Sophie Henderson in Fantail
Another actor, Sophie Henderson, wrote and acted in Fantail. Here's an interview with her. Let's hope that all goes smoothly with her next feature script and that she moves into directing soon.

from Lauren Jackson's I'm Going To Mum's
B. Shorts
It's great to see that women directed three of the six the finalist films in New Zealand's Best Short Film Competition (selected by Alison Maclean from a shortlist of twelve chosen by festival programmers) and two have women as central characters.  Chelsie Preston Crayford's Here Now is joined by Lauren Jackson's I'm Going To Mum's, and Aidee Walker's Friday Tigers| Nga Taika o Te Ramere; Aidee is another actor/director/writer who appears in her own film. Women also directed three of the seven Nga Whanaunga Pasifika Shorts. Lauren Jackson's I'm Going To Mum's is there again, alongside Catherine Bisley's Wide Eyed and Renae Maihi's Butterfly.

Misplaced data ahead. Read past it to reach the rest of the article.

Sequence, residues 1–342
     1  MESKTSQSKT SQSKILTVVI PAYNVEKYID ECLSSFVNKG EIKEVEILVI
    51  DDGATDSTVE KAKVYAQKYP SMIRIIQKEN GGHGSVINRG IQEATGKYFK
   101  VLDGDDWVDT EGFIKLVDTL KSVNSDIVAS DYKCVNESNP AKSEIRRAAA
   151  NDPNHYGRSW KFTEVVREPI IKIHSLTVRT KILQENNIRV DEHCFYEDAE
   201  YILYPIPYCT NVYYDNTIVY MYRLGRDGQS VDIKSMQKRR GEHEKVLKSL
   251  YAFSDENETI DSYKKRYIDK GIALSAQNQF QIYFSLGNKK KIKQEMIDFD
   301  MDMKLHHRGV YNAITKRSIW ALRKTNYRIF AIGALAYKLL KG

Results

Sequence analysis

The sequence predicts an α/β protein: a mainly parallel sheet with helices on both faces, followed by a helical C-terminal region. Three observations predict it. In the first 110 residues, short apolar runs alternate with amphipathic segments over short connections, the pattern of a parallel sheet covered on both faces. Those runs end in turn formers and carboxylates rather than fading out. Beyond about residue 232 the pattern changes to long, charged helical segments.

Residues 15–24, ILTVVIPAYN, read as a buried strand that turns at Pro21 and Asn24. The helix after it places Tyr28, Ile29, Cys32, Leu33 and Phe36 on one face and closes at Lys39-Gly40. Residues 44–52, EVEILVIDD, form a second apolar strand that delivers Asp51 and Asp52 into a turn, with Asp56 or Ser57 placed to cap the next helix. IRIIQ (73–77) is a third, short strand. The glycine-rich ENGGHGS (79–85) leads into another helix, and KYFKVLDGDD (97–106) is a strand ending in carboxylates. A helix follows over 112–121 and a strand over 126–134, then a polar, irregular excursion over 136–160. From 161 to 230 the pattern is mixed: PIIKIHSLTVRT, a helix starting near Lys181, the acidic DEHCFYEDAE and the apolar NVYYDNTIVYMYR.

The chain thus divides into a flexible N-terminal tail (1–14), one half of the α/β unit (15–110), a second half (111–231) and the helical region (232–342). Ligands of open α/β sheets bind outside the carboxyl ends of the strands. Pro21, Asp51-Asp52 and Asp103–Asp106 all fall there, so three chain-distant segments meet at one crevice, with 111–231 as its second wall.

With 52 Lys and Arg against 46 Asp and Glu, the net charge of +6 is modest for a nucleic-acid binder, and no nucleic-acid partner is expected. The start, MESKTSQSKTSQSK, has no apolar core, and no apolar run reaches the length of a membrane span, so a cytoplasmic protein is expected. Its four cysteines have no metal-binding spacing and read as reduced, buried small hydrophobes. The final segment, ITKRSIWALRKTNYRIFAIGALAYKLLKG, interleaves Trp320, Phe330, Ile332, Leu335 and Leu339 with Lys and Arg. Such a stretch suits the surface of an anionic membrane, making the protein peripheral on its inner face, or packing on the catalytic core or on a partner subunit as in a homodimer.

There are more shorts screening with features, some perhaps from that shortlist of twelve: Kirsten Green's Strongman, Mei Ling Cooper's The Small Movements, Gaylene Barnes and Ed Davis' The Mobile Meat Processing Unit,  Belle Barber and Linden Kirkby's Nell the Narcoleptic – Asleep on the Job, Prisca Bouchet and Nick Mayow's Le Taxidermiste.

These directors are our future. Let's go to see their new work, talk and write about them, look out for their crowdfunding campaigns. Let's treasure them.

Trailers etc - Happy to hear of more!

The Deadly Ponies Gang

Us And the Game Industry

I couldn't find the Gardening With Soul trailer on YouTube or Vimeo and the NZ Herald trailers have a strange big player if I embed them, and play automatically. But here's the Herald link if you want it.

Soul in the Sea 


Friday Tigers|Nga Taika o Te Ramere 

Booking details at #NZFF (differs according to your region; I've linked to Wellington).

For the festival's narrative films written and/or directed by women from other parts of the world see here


  1. Towards the end of this interview Dana Rotberg discusses what it was like to make the Kiwi film White Lies without any male leads. Although her film isn't the festival, it's doing the rounds at almost the same time.[cast]=103

  2. Many thanks, Miriam. I'll add the link here, too: